A.2 Results ...................................................................................................................... 63
Bibliography ....................................................................................................................... 67
1
Abstract
A set of unergative verbs (emission verbs such as ring, flash, glitter and whistle are
their typical representatives), commonly analyzed as involving an externally mapped theme
role, poses a challenge to argument realization theories. Two main problems arise regarding
this set. The first problem concerns mapping: if these verbs are thematically indistinguishable
from unaccusative verbs, why do they map their subject externally, while unaccusatives map
their subject internally? What constraint or grammatically relevant feature is required to
account for the different merging results? The second problem is that a subset of these
unergatives has a transitive alternate: The doorbell rang / The postman rang the doorbell.
What is the relationship between the transitive and the intransitive alternates? What process is
responsible for this alternation?
I intend to show that treating these unergative verbs as having a theme role is
untenable. I first propose that this set of unergatives, unlike the set of unaccusatives, has a
causal implication: their subject is not a theme, but rather an inanimate cause role. This is
based on an experiment which I designed, aimed at diagnosing a causal component of
meaning. The results of the experiment show the division of unaccusative verbs and
unergative verbs into two separate groups, supporting the claim that a causal component is
present in the latter but is absent in the former.
The solution of the second problem directly follows from the solution of the first:
when an agent is also available in the concept, it may be realized externally while the subject
of the intransitive is realized internally, giving a transitive alternate. This type of alternation
is familiar: instruments (which are an instance of an inanimate cause role) of the so-called
„Manner-verbs are known to exhibit the alternation. This alternation has two hallmarks: first,
it is non-derivational. Hence, both alternates are morphologically unmarked. Second, the
internal (instrument) argument of the transitive alternate is marked with a canonical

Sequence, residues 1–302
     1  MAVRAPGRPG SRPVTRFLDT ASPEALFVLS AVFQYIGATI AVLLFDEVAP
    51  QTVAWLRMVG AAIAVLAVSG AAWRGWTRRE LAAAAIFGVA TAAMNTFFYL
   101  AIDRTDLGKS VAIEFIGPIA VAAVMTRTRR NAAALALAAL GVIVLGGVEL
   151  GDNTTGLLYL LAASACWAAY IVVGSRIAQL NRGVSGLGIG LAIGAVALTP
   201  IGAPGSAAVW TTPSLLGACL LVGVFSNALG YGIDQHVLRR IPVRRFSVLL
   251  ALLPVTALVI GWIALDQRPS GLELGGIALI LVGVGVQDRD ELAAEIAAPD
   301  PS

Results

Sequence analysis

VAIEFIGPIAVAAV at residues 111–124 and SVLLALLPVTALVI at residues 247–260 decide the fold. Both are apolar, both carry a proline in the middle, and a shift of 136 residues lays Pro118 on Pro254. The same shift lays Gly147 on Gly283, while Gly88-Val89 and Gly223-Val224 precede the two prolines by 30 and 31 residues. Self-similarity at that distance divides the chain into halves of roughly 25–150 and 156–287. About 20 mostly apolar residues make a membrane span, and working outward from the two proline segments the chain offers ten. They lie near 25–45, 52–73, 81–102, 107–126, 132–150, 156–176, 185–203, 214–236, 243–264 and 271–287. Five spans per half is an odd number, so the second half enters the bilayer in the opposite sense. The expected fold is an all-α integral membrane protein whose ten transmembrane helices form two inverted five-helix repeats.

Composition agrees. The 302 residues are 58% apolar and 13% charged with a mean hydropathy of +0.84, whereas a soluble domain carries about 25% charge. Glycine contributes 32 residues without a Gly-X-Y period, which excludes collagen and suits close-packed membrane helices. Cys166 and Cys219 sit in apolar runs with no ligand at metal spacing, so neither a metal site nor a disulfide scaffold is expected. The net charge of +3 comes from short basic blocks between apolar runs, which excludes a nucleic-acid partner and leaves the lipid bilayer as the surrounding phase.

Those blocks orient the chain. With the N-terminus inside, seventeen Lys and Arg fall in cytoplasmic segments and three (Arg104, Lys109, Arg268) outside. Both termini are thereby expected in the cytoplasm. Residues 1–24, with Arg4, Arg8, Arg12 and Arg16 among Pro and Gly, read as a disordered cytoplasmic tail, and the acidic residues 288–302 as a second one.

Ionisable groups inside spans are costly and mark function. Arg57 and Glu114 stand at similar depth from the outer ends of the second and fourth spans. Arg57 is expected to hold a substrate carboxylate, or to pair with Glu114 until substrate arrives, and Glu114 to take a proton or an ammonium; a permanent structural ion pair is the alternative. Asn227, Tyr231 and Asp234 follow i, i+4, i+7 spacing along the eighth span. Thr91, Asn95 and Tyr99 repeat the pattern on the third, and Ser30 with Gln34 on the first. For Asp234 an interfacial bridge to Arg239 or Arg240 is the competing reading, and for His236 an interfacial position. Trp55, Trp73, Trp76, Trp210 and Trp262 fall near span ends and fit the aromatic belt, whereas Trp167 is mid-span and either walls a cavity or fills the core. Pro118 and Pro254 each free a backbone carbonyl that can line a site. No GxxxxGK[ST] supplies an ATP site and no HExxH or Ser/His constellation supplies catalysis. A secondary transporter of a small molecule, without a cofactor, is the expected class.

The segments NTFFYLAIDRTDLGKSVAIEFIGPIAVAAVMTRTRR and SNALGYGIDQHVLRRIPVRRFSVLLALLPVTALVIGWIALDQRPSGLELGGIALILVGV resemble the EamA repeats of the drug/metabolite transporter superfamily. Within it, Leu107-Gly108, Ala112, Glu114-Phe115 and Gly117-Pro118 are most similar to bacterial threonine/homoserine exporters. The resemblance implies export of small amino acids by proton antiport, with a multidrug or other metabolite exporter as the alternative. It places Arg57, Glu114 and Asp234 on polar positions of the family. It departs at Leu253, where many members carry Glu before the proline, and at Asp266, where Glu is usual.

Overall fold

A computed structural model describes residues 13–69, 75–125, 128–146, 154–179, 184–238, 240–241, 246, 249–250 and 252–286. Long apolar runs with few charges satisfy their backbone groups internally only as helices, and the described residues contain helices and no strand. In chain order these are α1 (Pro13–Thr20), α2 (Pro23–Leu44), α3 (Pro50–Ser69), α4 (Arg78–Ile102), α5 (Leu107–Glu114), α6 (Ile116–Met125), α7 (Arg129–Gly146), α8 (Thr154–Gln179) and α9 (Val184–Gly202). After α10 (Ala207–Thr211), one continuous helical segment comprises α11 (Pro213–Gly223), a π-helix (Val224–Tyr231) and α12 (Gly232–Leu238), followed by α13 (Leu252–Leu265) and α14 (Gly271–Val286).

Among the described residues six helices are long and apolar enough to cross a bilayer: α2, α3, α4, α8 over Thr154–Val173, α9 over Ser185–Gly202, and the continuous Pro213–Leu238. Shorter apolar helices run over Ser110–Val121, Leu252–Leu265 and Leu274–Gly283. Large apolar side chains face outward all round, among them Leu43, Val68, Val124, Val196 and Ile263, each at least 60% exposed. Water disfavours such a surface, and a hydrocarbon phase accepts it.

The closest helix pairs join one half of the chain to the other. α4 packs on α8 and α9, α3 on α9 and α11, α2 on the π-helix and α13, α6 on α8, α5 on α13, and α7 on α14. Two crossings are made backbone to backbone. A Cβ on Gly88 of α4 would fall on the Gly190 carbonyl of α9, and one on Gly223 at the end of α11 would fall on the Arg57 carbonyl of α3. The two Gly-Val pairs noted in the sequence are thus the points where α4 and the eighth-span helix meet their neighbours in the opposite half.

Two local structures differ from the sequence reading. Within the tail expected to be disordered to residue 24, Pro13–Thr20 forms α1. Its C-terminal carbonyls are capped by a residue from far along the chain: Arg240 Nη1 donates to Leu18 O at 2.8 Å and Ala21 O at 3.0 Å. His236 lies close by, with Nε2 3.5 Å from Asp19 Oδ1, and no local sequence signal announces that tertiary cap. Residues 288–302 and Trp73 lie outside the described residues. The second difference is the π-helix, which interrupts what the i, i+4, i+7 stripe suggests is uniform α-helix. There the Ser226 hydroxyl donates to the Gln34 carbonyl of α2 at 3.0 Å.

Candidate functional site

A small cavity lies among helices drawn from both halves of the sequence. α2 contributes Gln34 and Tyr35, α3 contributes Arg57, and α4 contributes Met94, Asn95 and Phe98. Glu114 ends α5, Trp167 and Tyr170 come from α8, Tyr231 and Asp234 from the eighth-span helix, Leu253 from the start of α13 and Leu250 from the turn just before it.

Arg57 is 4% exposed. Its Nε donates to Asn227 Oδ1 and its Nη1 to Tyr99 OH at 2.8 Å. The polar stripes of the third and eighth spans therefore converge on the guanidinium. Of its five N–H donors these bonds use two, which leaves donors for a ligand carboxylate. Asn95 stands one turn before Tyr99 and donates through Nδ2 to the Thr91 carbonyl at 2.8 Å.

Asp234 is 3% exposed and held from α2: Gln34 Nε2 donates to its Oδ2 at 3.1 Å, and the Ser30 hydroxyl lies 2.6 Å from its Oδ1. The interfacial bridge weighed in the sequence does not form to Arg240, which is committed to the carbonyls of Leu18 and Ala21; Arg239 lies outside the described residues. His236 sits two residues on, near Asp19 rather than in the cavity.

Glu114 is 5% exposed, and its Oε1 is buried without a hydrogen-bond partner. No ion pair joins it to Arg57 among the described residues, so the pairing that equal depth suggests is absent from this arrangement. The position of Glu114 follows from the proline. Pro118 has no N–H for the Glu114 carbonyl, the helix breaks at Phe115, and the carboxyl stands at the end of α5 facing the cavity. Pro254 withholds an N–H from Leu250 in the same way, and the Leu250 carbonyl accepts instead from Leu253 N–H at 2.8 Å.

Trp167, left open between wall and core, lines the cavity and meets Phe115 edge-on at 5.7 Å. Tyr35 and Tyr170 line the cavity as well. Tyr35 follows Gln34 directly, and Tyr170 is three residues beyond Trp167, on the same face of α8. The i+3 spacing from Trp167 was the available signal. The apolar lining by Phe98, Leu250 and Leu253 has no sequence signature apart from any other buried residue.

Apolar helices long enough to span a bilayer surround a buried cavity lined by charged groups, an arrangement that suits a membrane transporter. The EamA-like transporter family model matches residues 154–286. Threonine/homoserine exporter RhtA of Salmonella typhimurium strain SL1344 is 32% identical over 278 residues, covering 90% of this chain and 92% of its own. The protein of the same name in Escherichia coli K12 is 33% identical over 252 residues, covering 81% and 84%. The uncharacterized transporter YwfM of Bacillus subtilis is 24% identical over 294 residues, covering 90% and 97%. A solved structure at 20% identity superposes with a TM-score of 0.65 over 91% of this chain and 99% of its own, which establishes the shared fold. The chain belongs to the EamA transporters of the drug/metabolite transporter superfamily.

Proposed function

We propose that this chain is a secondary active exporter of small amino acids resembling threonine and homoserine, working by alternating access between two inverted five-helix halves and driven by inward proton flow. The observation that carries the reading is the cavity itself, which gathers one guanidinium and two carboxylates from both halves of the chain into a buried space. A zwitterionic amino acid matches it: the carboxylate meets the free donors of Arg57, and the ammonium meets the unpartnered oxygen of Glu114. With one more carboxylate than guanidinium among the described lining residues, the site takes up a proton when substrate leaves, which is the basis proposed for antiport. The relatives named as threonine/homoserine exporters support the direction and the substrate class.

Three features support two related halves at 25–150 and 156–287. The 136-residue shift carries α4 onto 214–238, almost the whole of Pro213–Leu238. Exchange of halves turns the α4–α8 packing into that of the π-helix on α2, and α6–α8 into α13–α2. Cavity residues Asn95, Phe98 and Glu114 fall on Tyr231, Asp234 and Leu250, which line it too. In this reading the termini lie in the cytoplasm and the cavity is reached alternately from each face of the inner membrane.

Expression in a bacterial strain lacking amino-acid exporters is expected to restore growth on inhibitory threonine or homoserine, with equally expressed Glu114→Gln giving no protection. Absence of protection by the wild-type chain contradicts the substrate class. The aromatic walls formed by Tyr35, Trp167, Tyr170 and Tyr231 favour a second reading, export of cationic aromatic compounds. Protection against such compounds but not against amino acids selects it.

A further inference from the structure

2
instrument preposition or an instrumental case. This proposal is strengthened by evidence
from Hebrew and from Russian.
1 Introducing inanimate unergatives
1.1 The domain of intransitive verbs
This research explores the realm of intransitive verbs. First we must understand what
syntactically characterizes intransitive verbs. What syntactic structures may express an
intransitive predicate? Apparently, if there is only one argument (the subject of an intransitive
verb), then it may be expected that there is a unique syntactic structure. However, research
has shown that from a syntactic point of view, there are two classes of intransitives.
The unaccusative hypothesis (Perlmutter, 1978) is a hypothesis which claims that
there are two classes of intransitive verbs: unaccusative verbs and unergative verbs, each
class associated with a different underlying syntactic configuration. From a government and
binding perspective, an unergative verb takes a D-structure subject and no object, whereas an
unaccusative verb takes a D-Structure object and no subject. Alternatively, in argument
structure terms, an unergative verb has an external argument but no direct internal argument,
whereas an unaccusative verb has a direct internal argument but no external argument. Burzio
(1986) found a correlation between the ability of a verb to take an external argument and its
ability to assign case: unaccusatives (as well as passives) do not take an external argument
and fail to assign accusative case; hence the internal argument moves to the canonical subject
position to be assigned nominative Case. 1
(1) a) Unergative verb: [IPNP [VP V]]
b) Unaccusative verb : [IP NPi [VP V ti]]
1 The VP-internal subject hypothesis has been ignored for the sake of simplicity.
3
Having established our entry point to the domain of intransitive verbs, let us have a
closer look at their taxonomy from a thematic point of view, i.e. what thematic roles are
typically associated with the subjects of the verbs. 2
(2) Unaccusatives
break, open, fall, freeze, melt, grow, develop, drown …
It seems that the subject of unaccusatives corresponds to a „theme or „patient role.
From a Dowtian (Dowty, 1991) perspective, it stands for a role which typically designates an
object which receives an action or is operated on.